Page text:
You’ve probably heard of cardiorenal syndrome and hepatorenal syndrome (terms commonly noted in medical literature), but cardio-hepatic syndrome is also possible.
But it won’t stop at cardio-hepatic, in that an injured liver will pass the injury onto the kidneys.
“Yes — there seems to be a kind of feedback loop where poor heart function can lead to poor liver function — and kidney function — and then, the poor liver and kidney function leads to even worse heart function,” explains Dr. Pool, “because the body has fluids accumulate — mostly pulmonary edema and peripheral edema, but also ascites [abdominal fluid] — which overload the failing heart even more. This can lead to worse liver/kidney function…etc.”
What’s alarmingly vexing is that the very drugs that may help particularly frail patients survive have the potential to accelerate kidney injury, leading to a sooner death. In these cases…there’s a dead end no matter how you slice it. Doctors can:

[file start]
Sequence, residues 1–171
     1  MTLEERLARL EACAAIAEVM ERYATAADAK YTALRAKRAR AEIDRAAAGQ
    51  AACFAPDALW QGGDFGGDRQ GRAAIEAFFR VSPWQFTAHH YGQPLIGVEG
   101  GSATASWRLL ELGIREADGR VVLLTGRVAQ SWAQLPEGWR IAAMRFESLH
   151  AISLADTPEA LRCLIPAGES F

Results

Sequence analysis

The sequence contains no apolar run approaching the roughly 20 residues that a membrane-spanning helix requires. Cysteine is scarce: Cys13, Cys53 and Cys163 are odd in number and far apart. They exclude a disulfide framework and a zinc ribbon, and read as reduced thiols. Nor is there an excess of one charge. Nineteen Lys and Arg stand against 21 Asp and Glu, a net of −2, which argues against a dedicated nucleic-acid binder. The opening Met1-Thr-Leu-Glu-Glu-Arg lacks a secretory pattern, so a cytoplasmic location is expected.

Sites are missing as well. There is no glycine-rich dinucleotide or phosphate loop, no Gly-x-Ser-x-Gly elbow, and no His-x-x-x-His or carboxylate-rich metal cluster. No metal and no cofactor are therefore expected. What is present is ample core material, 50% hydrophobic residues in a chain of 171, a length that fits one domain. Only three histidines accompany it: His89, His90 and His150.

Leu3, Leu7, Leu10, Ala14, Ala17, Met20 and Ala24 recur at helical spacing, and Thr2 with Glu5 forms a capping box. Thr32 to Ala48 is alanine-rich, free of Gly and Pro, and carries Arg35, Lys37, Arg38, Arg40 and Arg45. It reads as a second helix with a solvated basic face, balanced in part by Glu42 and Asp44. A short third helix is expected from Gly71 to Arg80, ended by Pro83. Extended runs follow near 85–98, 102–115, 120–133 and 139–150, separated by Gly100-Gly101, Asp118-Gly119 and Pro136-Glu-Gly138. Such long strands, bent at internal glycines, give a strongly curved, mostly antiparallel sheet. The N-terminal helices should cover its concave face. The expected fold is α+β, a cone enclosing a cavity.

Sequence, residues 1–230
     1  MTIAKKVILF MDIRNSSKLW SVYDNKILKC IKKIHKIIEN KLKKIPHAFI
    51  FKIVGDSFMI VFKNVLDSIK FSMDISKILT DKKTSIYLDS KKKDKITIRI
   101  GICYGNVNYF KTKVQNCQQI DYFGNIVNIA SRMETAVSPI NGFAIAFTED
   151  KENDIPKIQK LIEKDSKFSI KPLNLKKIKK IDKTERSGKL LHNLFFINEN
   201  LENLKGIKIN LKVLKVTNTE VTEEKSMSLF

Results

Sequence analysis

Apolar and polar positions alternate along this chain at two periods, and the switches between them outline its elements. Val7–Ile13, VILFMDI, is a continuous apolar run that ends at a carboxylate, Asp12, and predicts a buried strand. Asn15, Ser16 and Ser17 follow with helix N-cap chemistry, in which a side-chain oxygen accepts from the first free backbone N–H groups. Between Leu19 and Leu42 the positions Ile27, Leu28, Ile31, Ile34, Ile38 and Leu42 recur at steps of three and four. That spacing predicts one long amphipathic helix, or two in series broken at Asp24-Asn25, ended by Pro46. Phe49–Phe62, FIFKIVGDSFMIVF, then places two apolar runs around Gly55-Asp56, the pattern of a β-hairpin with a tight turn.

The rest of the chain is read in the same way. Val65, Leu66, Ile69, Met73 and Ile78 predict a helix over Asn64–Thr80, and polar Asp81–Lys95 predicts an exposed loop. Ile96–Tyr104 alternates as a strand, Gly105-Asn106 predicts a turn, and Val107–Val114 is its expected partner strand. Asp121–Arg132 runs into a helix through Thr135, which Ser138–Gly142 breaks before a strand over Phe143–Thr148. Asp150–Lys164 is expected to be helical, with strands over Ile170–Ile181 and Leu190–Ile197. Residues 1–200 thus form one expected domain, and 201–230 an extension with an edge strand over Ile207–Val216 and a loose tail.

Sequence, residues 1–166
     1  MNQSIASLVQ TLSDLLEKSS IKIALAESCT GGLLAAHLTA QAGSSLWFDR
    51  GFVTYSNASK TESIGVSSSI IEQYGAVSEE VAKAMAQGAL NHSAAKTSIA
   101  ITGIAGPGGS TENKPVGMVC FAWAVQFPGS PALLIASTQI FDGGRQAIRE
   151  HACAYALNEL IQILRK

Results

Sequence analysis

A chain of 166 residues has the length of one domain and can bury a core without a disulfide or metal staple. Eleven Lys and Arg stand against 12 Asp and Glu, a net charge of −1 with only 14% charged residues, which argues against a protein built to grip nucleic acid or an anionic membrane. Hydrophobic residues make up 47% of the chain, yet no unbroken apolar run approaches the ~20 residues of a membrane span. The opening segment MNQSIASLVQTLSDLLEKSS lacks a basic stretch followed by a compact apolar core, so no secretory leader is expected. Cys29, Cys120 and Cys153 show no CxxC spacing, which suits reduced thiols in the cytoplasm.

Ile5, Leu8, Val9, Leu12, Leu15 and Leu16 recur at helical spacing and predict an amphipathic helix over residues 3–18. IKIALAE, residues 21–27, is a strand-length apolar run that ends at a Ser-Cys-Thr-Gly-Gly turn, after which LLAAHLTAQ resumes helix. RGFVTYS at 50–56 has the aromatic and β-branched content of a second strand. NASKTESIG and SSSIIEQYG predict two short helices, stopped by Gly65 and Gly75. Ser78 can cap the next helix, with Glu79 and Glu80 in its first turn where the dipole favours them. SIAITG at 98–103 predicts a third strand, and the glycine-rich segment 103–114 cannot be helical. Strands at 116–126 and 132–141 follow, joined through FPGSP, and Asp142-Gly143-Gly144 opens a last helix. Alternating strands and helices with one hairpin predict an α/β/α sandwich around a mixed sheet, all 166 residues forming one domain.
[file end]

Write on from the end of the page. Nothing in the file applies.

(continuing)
Give the drugs and hope things turn around (no chance), and the patient dies within 72 hours.
Or…don’t give the drugs and at least, though the patient is terminal, they may live a few weeks.
Variables predictive of mortality include advanced age, pre-existing intrinsic kidney disease stemming from the chronic heart failure, pre-existing ejection fraction under 20 percent and presence of extensive coronary artery disease.
Good Liver Health Means Good Heart Health
“Accumulating evidence shows that acute as well as chronic heart disease can directly contribute to an acute or chronic worsening of liver function and vice versa,” says a paper in Current Heart Failure Reports (Poelzl et al).
“Heart disease” in this context refers to heart failure, not clogged arteries.
The paper continues, “Thus, it appears that hepatic congestion secondary to right-sided heart disease [failure] may prime the liver for ischemic insults from low cardiac output and reduced hepatic blood flow and oxygenation due to left-sided heart failure.”